Ocean swimming is not a safe option when you’re holidaying on Fraser Island. The waves are rough and unpredictable, the sandbars are constantly moving and sharks have been known to cruise through the surf, but if you do fancy a swim there’s plenty of choice. There are more than 100 freshwater dune lakes on the island and their water is reputed to be the world’s cleanest.
Lake Mackenzie is a perched lake, shaped when a hard layer of decayed organic matter forms between dunes and water from runoff and rain begins to collect. Lake Mackenzie is the most popular of the lakes for water sports; its fine, white sand is almost pure silica and there is plenty of room for everyone.
Lake Birrabeen and Lake Boomanjin both have glistening, white, sandy beaches with water tea-stained by tannins from decomposing plants. They are also perched lakes and are not affected by surrounding groundwater. The water level rises and falls depending on the amount of evaporation and significant rains. At 200 hectares, Lake Boomanjin is the largest perched lake in the world.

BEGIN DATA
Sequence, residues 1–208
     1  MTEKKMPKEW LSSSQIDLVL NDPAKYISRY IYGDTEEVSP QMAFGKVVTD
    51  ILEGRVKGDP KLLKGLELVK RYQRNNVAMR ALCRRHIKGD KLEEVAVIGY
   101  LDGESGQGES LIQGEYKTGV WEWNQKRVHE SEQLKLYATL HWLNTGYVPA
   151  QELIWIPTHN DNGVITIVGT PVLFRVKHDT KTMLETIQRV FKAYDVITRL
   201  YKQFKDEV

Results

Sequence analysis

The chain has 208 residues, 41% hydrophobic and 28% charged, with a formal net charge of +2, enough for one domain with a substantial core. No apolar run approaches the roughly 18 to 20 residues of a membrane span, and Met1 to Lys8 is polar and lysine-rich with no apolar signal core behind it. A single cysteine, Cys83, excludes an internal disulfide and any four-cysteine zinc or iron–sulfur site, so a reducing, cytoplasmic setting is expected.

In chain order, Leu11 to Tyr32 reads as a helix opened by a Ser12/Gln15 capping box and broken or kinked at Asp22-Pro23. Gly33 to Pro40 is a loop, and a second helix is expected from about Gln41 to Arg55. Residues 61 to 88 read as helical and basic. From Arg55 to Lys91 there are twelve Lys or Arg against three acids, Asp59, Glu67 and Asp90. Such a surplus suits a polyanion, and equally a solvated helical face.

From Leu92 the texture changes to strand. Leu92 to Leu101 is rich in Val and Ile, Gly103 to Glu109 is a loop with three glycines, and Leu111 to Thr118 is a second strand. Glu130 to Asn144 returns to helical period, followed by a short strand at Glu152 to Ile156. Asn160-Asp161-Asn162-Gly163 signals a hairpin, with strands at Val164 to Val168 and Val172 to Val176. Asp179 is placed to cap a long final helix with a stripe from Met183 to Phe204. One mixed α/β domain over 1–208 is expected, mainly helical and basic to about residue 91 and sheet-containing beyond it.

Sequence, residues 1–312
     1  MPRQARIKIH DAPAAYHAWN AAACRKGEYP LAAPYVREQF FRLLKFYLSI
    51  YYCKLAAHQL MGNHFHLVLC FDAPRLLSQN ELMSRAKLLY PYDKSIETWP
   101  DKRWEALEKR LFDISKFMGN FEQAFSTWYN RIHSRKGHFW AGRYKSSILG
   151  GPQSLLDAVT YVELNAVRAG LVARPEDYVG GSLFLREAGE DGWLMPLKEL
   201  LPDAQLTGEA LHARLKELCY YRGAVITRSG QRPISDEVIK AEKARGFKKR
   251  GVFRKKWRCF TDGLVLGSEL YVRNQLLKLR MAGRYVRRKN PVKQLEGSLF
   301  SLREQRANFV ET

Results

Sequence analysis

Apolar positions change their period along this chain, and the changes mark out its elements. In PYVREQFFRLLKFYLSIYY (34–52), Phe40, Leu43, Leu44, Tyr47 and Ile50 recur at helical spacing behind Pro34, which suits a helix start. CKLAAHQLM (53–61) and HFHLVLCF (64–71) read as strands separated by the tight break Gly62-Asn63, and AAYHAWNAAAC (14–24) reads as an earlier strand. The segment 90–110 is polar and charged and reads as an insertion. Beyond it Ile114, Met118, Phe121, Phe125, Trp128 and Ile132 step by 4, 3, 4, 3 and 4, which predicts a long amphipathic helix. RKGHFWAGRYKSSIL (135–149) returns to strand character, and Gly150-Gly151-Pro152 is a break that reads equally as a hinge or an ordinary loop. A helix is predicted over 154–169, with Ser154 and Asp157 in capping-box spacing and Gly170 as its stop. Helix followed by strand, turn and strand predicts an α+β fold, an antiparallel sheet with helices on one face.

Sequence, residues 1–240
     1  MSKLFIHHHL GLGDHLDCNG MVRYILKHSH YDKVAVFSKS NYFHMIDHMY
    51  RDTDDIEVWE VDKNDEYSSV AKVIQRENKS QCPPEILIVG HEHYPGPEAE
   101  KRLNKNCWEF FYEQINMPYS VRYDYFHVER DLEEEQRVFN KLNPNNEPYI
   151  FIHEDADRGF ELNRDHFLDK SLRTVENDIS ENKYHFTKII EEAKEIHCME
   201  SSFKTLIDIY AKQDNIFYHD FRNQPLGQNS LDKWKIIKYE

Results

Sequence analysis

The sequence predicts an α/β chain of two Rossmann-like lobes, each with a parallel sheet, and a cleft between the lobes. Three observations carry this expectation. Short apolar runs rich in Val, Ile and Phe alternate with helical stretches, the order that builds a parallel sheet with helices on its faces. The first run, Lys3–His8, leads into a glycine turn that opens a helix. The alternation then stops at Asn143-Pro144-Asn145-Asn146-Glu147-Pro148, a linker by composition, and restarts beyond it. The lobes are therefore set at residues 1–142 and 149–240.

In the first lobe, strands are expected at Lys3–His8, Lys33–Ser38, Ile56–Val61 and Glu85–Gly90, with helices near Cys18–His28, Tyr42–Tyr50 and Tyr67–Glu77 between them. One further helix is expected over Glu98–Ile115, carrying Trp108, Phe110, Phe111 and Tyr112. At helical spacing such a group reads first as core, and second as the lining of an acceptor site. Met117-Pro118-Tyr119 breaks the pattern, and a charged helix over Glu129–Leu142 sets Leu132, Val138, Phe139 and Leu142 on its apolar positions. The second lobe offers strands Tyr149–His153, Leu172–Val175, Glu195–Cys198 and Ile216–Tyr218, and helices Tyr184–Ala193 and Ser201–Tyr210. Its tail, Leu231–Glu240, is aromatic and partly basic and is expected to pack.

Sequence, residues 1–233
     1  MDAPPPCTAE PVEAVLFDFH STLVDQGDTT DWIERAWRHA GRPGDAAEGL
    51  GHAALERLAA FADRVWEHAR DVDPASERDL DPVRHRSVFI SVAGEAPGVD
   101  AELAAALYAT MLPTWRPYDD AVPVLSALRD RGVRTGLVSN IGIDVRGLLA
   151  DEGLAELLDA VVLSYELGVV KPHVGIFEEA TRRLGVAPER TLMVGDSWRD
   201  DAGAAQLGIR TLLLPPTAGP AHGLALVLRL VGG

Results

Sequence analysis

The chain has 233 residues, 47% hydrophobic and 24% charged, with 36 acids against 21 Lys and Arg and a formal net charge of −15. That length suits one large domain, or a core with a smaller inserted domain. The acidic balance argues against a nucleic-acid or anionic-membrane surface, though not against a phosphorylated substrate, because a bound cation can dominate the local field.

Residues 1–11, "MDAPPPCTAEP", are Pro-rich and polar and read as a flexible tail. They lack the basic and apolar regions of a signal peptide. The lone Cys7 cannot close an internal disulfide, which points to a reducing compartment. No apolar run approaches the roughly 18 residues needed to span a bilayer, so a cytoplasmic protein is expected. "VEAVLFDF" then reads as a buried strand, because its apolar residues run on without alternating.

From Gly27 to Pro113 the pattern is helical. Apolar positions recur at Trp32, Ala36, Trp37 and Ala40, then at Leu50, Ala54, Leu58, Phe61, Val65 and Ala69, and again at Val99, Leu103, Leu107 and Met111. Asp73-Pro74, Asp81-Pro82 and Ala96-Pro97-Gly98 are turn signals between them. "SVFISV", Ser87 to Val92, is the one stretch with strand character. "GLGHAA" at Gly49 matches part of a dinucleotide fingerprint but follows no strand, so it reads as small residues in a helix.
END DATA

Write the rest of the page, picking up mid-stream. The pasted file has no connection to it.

Lake Wabby is classified as both a window lake and a barrage lake. A window lake forms when the level of the sand dune is below the water table, and a barrage lake is created when a sand dune blocks a water course. The constantly moving sand of the Hammerstone Sandblow is gradually overtaking Lake Wabby and eventually it will fill the lake completely.
All this fresh water has to go somewhere and the coastline is crisscrossed by a myriad of waterways. Some are tiny rivulets that flow out of the coastal bush across the sand to the ocean…
…while Eli Creek, on the east coast, is the largest. With a flow of 80 million litres a day more water pours out of Eli Creek into the ocean than out of Sydney Harbour.
So if it’s swimming and sailing you’re fond of, the inland lakes of Fraser Island are the perfect place to play.